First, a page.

Cane yield: Analysis of mean values indicated that amongst 24 locations, varieties COL-75, Naurang-98 and Bannu-1 produced the highest and on par cane yield of 102.84, 102.00 and 100.53 t ha–1 in plant stage at village "Surani" and "Bakhmal Killa", respectively, during 1995-96 and 1998-99 (Table 1-8). Similarly in ratoon stage, maximum cane yield (107.16 and 104.0 t ha–1) was obtained from Bannu-1 and Naurang-98 at village "Mirian" during 1998-99. Anonymous (1996) reported sugarcane variety Jn-88/2 with average cane yield of 71.66 t ha–1 in Peshawar valley. While Anonymous (1997) advocated maximum cane yield (99.08 t ha–1) of variety Bannu-1 at farmer's field in Bannu area. Glaz (1998) identified CP 80-1827 as a superior variety of sugarcane in Florida. Khan et al. (1998) reported that variety S-82-US-710 produced cane yield of 69-95 t ha–1 on farmer's field. Varieties S-86-US-244, S-86-US-226 produced the highest cane yield (116.8 and 105.71 t ha–1) under different ecological zones of Peshawar valley (Anonymous, 1999).

Table 1: Cane yield (t ha–1) of sugarcane varieties (Plant crop 1995-96)

It responded the highest recovery of 11.76, 11.59 and 11.24. In ratoon stage, higher recovery (10.60 and 10.22%) was noted in Naurang-98 at village "Mirian" and "Niamat abad", followed by Bannu-1 with recovery of 10.0% at village "Niamat abad" during 1998-99 (Table 9-16).

Table 2: Cane yield (t ha–1) Ratoon crop 1995-96

Table 3: Cane yield (t ha–1) Plant crop 1996-97
Recovery: Data given in Table 2 (V1) manifested taht in plant crop, varieties Bannu1, S-88-US-422 and Naurang-98

Table 4: Cane yield (t ha–1) Ratoon crop 1996-97

Table 5: Cane yield (t ha–1) Plant crop 1997-98

Table 6: Cane yield (t ha–1) Ratoon crop 1997-98

Table 7: Cane yield (t ha–1) Plant crop 1998-99

Table 8: Cane yield (t ha-1) Ratoon crop 1998-99
Means in a column not sharing similar letter are significantly different at 5% level of probability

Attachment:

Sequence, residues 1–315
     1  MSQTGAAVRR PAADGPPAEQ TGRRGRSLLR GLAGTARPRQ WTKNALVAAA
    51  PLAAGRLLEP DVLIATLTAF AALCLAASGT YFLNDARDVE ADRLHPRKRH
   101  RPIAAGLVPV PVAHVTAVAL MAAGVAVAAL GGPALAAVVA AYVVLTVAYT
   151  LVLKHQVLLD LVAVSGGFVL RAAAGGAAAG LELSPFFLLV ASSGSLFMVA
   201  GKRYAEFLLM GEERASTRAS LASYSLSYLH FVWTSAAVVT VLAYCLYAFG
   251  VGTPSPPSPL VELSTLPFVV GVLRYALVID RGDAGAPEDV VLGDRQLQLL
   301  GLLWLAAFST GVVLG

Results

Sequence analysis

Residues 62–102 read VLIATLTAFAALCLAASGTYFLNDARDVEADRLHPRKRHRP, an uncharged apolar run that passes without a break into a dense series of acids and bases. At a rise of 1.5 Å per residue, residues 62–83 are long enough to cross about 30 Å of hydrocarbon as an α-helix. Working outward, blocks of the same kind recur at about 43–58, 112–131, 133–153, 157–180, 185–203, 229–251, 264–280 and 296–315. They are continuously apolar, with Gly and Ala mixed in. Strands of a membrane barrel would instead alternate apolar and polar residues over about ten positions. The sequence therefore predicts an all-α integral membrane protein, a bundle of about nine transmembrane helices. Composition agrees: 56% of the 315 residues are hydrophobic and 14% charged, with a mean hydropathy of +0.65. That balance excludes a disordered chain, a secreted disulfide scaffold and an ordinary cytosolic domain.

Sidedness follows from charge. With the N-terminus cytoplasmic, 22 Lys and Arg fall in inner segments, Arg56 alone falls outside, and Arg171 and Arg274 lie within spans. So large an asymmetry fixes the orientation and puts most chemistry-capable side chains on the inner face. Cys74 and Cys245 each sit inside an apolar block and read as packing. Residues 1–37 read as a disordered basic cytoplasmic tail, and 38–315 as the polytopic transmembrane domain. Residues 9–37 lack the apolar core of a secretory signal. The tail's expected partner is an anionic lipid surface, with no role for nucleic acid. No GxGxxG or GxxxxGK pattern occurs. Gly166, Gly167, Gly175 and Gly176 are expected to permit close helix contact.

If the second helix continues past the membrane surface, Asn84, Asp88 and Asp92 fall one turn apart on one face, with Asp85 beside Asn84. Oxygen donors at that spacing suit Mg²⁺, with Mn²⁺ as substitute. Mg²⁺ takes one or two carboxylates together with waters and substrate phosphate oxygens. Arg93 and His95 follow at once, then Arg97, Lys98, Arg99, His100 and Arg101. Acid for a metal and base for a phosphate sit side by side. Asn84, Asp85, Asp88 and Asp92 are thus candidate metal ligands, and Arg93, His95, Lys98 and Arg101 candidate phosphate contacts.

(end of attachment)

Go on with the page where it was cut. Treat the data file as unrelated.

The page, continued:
Table 9: Recovery (%) of sugarcane varieties (Plant crop 1995-96)

Table 10: Recovery (%) Ratoon crop 1995-96

Table 11: Recovery (%) Plant crop 1996-97

Table 12: Recovery (%) Ratoon crop 1996-97

Table 13: Recovery (%) Ratoon crop 1997-98

Table 14: Recovery (%) Ratoon crop 1997-98

Table 15: Recovery (%) Plant crop 1998-99

Table 16: Recovery (%) Bataan crop 1998-99

Varieties PAS-132 and COL-75 resulted poor recovery at all locations (Table 9-16). Malik (1998) indicated the dangerous results of variety Co-1 1 48 in Punjab due to its low recovery and susceptibility to diseases. Khan et al. (1998) recorded higher recovery (10.07%) in variety S-82-US-710 on farmer's field in Bannu. Anonymous (1986) reported that sugarcane variety "M-93" possessed the highest recovery of 13.15% at 3 ecological zones of Peshawar valley.

REFERENCES
1:  Anonymous, 1986. MSTATC micro computer statistically programme. Michigan State University of Agriculture, Michigan Lansing, USA.

2:  Anonymous, 1996. Annual technical report. Sugar Crops Research Institute, Mardan.

3:  Anonymous, 1997. Annual progress report. Agricultural Research Station, Serai Naurang.

4:  Anonymous, 1999. Annual technical report. Sugar Crops Research Institute, Mardan.

5:  Atta, M., A.R. Zahid, K.H. Hasani and M.A. Bajwa, 1991. Quantitative and qualitative performance of early manuring sugar cane varieties at Faisalabad. Pak. Sugar J., 6: 6-11.

6:  Ayaz, S., M. Akhtar, I. Ahmad, A.N. Ali and N. Haq, 1997. Causes of high and low yields of sugarcane crop in the light of growers opinions: A general review. Pak. Sugar J., 12: 17-19.

7:  Malik, K.B., 1998. Spread of unknown varieties-A warning to Punjab sugar industry. Pak. Sugar J., 13: 16-16.

8:  Glaz, B., 1998. Sugarcane variety census: Florida 1998. Sugar y Azucar, 93: 30-37.

9:  Hussain, M., M. Ali, A. Ruzzaq and S. Afghun, 1999. Interacted influence of deep tillage and nitrogen management on the qualitative traits of sugarcane. Pak. Sugar J., 14: 7-13.

10:  Khan, B., M. Jamal, S. Rahman, Ahmad and M. Ali, 1998. S-82-US-710, a new sugar cane variety for the Southern areas of NWFP (Bannu and D.I.Khan Division). Proceedings of the 33rd Convention Pakistan Society of Sugar Technologists, August 24-25, 1998, Hotel Pearl Continental, Lahore, pp: 21-25.

11:  Bahadar, K., M. Jamal, K. Nawab, K. Rasool and M.S. Baloch, 2000. Performance of high ranking sugarcane varieties under the agro-climatic conditions of Bannu. Pak. J. Biol. Sci., 3: 169-171.
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12:  Nazir, M.S., 1994. Sugarcane. In: Crop Production, Bashir, E. and R. Bantel (Eds.)., National Book Foundation, Islamabad, Pakistan, pp: 421-422.

13:  Qayyum, A., M. Arif, M. Bux and I. Mohammad, 1999. Phenotypic stability of early maturing sugar cane varieties in Peshawar valley. Pak. Sugar J., 14: 9-14.

14:  Sundera, B., 1998. Sugarcane cultivation. In Sugar Cane Cultivation in India, pp: 178-182.